that the dismissal of the amended complaint in 60CV-13-230
would operate as a second dismissal and bar any subsequent
litigation pursuant to Rule 41(b). Clough responded, arguing
that the amended complaint was a nullity and was void, and
that consequently, the new complaint was properly filed as a
second action under the savings statute, Arkansas Code
Annotated section 16-56-126 (Repl. 2005).
November 5, 2015, the circuit court denied Capital
SeniorCare's motion to dismiss the new complaint. On
November 10, 2015, the circuit court entered an order in
60CV-13-230 finding that the amended complaint was void
because it had been filed in a closed case. Capital
SeniorCare did not appeal, but instead filed the instant
petition for a writ of certiorari.
of certiorari is extraordinary relief. Ark. Dep't of
Human Servs. v. Collier, 351 Ark. 506, 95 S.W.3d 772
(2003). In determining its application, we will not look
beyond the face of the record to ascertain the actual merits
of a controversy, or to control discretion, or to review a
finding of fact, or to reverse a trial court's
discretionary authority. Id. There are two
requirements that must be satisfied in order for this court
to grant a writ of certiorari. The first requirement is that
there can be no other adequate remedy but for the writ of
certiorari. Second, a writ of certiorari lies only where (1)
it is apparent on the face of the record that there has been
a plain, manifest, clear, and gross abuse of discretion, or
(2) there is a lack of jurisdiction, an act in excess of
jurisdiction on the face of the record, or the proceedings
are erroneous on the face of the record. Ark. Game &
Fish Comm'n v. Herndon, 365 Ark. 180, 226 S.W.3d 776
case, we must deny the petition for the writ because the
first requirement of no other adequate remedy at law has not
been met. Capital SeniorCare argues that they have met this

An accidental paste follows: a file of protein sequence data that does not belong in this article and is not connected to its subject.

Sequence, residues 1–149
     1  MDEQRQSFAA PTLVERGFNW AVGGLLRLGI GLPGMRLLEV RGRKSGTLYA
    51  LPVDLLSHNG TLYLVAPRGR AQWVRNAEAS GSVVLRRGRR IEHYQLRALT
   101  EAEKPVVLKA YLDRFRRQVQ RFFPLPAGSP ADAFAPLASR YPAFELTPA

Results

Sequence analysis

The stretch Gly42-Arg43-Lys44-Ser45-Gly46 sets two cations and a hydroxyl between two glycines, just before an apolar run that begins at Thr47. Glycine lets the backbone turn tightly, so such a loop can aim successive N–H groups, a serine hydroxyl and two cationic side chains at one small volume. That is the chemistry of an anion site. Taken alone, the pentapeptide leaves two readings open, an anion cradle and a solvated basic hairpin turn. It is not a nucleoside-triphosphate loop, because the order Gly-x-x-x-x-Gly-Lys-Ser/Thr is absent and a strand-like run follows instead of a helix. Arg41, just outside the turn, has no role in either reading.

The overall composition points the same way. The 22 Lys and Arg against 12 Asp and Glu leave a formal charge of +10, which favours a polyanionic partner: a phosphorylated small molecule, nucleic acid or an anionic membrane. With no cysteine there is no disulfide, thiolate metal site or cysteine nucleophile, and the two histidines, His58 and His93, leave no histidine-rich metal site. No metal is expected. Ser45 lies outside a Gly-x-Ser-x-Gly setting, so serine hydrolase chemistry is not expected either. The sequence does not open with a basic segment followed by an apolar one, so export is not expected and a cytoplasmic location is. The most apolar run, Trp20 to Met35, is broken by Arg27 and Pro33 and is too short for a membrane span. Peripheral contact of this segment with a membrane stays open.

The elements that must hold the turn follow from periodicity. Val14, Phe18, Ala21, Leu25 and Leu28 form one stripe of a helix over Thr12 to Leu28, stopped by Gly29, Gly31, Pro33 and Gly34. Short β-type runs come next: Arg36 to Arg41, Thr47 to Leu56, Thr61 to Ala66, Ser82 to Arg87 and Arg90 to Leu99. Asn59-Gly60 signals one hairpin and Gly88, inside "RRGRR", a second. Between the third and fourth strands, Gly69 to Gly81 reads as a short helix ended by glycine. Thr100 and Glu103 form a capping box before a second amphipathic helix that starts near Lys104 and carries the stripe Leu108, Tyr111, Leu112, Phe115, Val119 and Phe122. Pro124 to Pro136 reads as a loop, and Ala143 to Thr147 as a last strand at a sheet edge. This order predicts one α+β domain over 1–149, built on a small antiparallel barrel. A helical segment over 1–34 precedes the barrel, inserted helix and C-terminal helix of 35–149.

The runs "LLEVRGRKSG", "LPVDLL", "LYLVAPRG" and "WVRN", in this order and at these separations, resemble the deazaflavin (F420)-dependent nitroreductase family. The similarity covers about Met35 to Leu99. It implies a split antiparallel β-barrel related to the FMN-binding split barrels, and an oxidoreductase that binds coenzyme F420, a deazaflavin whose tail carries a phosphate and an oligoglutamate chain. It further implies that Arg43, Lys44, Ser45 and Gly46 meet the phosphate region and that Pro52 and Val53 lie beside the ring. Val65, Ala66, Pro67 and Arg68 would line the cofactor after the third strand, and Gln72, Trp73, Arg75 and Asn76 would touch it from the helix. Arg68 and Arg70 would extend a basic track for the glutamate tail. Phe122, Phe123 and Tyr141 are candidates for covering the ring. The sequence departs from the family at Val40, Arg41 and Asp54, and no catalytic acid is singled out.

requirement because the circuit court's denial of their
motion to dismiss was not appealable. They note our decision
in Jordan v. Circuit Court of Lee County, 366 Ark.
326, 235 S.W.3d 487 (2006), wherein we granted a writ of
certiorari following a circuit court's denial of a motion
to dismiss, holding that the court's ruling improperly
allowed the case to proceed in violation of Rule 41(b), and
the petitioner had no other adequate remedy at law because
the petitioner could not appeal from the order denying the
motion to dismiss. However, unlike in Jordan, the
petitioners in this case do have an order from which they
could have properly appealed. The circuit court's
November 10, 2015 order stated, "The above styled case
was closed by order of this court on August 4, 2014. There is
nothing pending in this case, and any pleadings filed
subsequent to the case's closure on August 4, 2014 are
void and have no effect." Because this order effectively
discontinues the action, it is appealable under Rule 2(a)(2)
of the Arkansas Rules of Appellate Procedure –Civil.
Capital SeniorCare had an opportunity to appeal that order
but did not do so. As we have recognized, a writ of
certiorari cannot be used as a substitute for appeal.
Burney v. Hargraves, 264 Ark. 680, 573 S.W.2d 912
(1978); see also Cooper Communities, Inc. v. Circuit